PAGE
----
After consulting the 1940 tax photo, I was able to determine that the stoop and railings that appeared at the beginning of this scene on the far right side of the frame matched with what was outside the residential building at 331 E 24th. That would mean Farley Granger was approaching the building at no. 333, which turns out wasn’t really a funeral parlor, but was a garage for Mobilgas.
Visiting a Bank
This was a location that seemed too good to be true. In this scene, there’s a street clock prominent in the background, which I hoped would help lead me to the location. Back in 1950, street clocks were ubiquitous fixtures in the city, but today, there are only a few of them left. But off the top of my head, I did know of two still in existence. There’s the ornate gold clock in front of the Fifth Avenue Building near Madison Square Park and there’s an art-deco black-and-white clock on 5th Avenue just below 44th Street.
Thinking that it was a slim chance that the clock on 5th Avenue would be the same one from the film, I wasn’t feeling too optimistic when I went to Google Street View to take a look. However, I got a quick attitude adjustment when I discovered the clock to be a perfect match with the one seen in the film. With a little more looking around, I was able to identify several of the buildings in the background along 5th Avenue, and was able to categorically confirm the bank location.
Satisfied that I found the correct location of the bank exterior, I erroneously thought the interior was also shot in the same building, since the ground floor had several load-bearing posts which could conceivably be the ones seen in the film.
But then I spotted something peculiar about an early bank scene that made me rethink where they shot the interiors. At the beginning of the film, when the blackmail victim enters the building, the actor was evidently in front of a rear-projection screen, which meant they probably shot it on a soundstage in Hollywood. With that in mind, I rewatched a later scene that took place in an alley with actor Whit Bissell (who played the bank clerk), and that looked like it had been shot on a backlot in Hollywood. That made me think that all the scenes involving Bissell were shot on the west coast, including the bank interior.
This led me to do an online image search of “banks in Los Angeles,” to see if I could find the one used in the film. When I did this image search, I adjusted the settings to give only black-and-white results (a good tool to use if you’re trying to narrow your results to pre-1970’s) and found one image of the Pacific Southwest Trust and Savings Bank which had a similar-looking ornate lobby with square posts and an intricate coffered ceiling.
But upon closer inspection, I could see that the pattern on the floor didn’t match, and the details on the posts and ceiling were different as well. But as I continued my search, I eventually found a blog by author and L.A. historian, Kim Cooper, that featured a 1923 photo of the “Bank of Italy,” whose floors, columns, and ceiling seemed to match the film.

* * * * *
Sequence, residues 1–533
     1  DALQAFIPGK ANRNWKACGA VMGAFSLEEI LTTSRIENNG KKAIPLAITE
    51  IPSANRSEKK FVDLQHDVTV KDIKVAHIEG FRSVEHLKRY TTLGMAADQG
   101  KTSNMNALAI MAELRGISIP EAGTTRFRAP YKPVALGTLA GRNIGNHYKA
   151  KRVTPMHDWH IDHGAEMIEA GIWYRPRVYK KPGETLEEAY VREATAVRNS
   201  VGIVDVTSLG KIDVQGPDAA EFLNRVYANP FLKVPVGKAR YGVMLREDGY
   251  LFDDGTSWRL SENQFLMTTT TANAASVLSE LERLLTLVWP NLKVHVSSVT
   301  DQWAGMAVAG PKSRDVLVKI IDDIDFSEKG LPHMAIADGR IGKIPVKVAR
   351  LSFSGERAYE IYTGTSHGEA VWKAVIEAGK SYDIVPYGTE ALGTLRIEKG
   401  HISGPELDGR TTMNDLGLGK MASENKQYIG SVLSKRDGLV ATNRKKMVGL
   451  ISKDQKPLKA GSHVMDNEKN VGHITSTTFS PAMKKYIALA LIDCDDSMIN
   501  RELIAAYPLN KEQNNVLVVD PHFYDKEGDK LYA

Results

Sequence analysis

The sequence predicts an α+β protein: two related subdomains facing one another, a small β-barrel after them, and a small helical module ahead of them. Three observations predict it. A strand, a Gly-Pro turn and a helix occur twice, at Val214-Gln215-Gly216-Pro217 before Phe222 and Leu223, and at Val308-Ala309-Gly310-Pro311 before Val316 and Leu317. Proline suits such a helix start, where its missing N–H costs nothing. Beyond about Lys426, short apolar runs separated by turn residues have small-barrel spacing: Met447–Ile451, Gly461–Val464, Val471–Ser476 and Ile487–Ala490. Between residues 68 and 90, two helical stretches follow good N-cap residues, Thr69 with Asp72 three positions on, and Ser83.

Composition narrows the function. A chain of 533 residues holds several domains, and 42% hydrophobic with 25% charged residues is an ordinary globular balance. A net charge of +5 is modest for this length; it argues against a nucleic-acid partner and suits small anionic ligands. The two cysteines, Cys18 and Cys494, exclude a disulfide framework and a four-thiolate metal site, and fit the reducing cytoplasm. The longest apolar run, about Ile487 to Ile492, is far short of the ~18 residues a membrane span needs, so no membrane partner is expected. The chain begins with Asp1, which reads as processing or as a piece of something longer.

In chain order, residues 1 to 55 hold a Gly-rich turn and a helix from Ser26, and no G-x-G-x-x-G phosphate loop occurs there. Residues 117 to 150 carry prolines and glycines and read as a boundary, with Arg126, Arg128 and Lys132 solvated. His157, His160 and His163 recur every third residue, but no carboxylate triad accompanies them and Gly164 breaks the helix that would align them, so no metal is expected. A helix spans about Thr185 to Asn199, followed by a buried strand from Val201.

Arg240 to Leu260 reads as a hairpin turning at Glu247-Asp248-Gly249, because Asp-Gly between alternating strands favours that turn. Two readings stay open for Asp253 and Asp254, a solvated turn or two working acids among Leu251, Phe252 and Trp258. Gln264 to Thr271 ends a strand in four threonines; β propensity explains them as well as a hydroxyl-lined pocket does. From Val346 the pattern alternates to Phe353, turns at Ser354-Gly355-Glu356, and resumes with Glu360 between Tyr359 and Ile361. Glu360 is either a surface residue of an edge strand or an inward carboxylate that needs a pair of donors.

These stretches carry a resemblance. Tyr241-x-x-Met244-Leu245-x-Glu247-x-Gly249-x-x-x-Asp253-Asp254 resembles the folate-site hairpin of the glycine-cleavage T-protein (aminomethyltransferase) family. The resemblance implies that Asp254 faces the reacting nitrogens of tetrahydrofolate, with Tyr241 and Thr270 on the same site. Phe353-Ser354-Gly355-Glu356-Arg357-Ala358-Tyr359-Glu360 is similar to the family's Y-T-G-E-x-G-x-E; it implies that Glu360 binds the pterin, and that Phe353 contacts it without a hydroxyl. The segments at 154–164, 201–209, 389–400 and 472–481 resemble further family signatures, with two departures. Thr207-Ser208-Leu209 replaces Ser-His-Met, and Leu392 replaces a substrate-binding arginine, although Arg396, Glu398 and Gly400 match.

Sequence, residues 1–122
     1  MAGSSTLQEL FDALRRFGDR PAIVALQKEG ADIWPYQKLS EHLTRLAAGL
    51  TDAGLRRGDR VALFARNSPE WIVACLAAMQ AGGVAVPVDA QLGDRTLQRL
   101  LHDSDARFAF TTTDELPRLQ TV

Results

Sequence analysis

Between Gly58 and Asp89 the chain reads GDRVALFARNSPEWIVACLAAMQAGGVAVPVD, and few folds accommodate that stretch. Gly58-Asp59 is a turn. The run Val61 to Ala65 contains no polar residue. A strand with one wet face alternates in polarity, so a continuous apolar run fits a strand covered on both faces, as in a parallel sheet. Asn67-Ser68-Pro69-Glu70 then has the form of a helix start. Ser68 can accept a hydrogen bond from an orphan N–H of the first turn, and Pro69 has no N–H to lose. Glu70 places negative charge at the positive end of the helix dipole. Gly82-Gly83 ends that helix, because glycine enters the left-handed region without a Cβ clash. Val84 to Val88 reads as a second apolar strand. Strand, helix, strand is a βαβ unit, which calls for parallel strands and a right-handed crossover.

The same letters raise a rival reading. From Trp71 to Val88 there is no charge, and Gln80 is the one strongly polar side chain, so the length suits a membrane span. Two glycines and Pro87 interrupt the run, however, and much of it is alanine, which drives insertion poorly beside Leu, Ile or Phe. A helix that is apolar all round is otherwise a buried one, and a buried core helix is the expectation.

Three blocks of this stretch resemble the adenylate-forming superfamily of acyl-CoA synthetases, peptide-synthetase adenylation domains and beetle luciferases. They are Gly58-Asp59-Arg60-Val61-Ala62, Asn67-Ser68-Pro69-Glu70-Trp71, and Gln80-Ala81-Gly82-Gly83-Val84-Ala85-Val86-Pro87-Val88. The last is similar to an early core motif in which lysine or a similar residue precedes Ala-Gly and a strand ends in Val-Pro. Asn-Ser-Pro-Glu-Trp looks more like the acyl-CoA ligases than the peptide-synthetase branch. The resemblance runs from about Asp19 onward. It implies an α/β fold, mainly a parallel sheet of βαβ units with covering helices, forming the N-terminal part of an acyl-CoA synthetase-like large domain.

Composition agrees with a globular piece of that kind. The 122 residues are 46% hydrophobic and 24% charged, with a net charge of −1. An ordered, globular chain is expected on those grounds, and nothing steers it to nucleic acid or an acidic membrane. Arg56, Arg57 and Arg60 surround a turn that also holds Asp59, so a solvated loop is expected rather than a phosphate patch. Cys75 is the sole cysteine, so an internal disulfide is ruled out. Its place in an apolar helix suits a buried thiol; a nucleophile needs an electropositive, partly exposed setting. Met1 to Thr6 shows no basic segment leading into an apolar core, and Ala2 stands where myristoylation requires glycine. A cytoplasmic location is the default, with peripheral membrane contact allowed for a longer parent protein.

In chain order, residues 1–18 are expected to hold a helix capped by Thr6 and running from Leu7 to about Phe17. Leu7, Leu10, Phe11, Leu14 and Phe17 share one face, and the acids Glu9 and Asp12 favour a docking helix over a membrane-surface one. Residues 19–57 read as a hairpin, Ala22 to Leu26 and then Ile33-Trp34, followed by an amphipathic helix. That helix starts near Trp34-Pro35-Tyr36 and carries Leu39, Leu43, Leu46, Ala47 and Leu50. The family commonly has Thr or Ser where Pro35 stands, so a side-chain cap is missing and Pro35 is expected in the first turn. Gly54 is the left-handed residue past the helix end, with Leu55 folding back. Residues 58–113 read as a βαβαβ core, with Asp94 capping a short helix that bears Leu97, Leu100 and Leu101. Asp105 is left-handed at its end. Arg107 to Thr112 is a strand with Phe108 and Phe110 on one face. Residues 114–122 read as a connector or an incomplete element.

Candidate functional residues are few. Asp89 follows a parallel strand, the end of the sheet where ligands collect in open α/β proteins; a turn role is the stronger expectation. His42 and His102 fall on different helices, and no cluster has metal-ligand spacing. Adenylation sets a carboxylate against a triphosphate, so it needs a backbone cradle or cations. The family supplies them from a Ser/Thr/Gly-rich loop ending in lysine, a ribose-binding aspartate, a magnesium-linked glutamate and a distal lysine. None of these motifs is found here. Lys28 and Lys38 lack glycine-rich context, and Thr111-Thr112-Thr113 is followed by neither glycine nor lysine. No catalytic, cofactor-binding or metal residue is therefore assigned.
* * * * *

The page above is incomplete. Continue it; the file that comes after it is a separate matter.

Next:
I then did a search for “Bank of Italy” to see if I could find additional images. Surprisingly, I couldn’t seem to find any other photographs of the bank’s opulent lobby, but I did find a postcard that had an illustration of the “main banking room.” Even though it wasn’t a photograph, the illustration offered some nice details, including that of the customer tables used to fill out banking slips, which matched a table seen in the film.
Curious as to whether the building still existed, and if so, whether the interior retained any of the original decor, I was pleased to learn that the space has been converted into a hotel and restaurant —albeit an extravagant, fancy-pants one I’d normally never set foot in— keeping in place many of the ornate Neoclassical fixtures seen in the film.
It’s a shame the bank interior wasn’t shot in New York, but it’s fortunate that the building —along with its Doric columns, marble floors, golden-coffered ceilings and original bank vault— has been lovingly preserved. So on my next trip to L.A., it’s good to know that I can go inside the former “Bank of Italy,” and stand where the entire plot of 1950’s Side Street was set into motion.
Village Beauty Salon
This was the first location I was able to find for this film, and it was super easy… a bit too easy. In the film, Joe is looking for Garsell’s girlfriend and finds a photograph of her sitting in front of a “Village Beauty Salon.” He then goes to a drugstore phone booth to look up the address in the directory.
The address listed in the book —shown in a nice tight close-up— is 29 W 8th Street, and to my pleasure, the address given in the story was also the actual filming address (unlike the “funeral parlor” scene above). So essentially, the character of Joe Norson did all the research for me.
Needless to say, I was also pleased that the building was still standing, with its unusual display “balcony” on the second-story firmly in place. Although, a year later, when I stopped by the location, I noticed that the clothing shop that was on the second floor had since closed, and the mannequins gone. Hopefully this isn’t a sign that the building is about to be taken down.
One last note about this location. Although all principal photography was done in England, Kubrick’s film “Eye’s Wide Shut” did use several real New York locations as inspiration for the sets built overseas. Many have postulated that the Rainbow costume shop in the film was modeled after this store at 29 W 8th Street.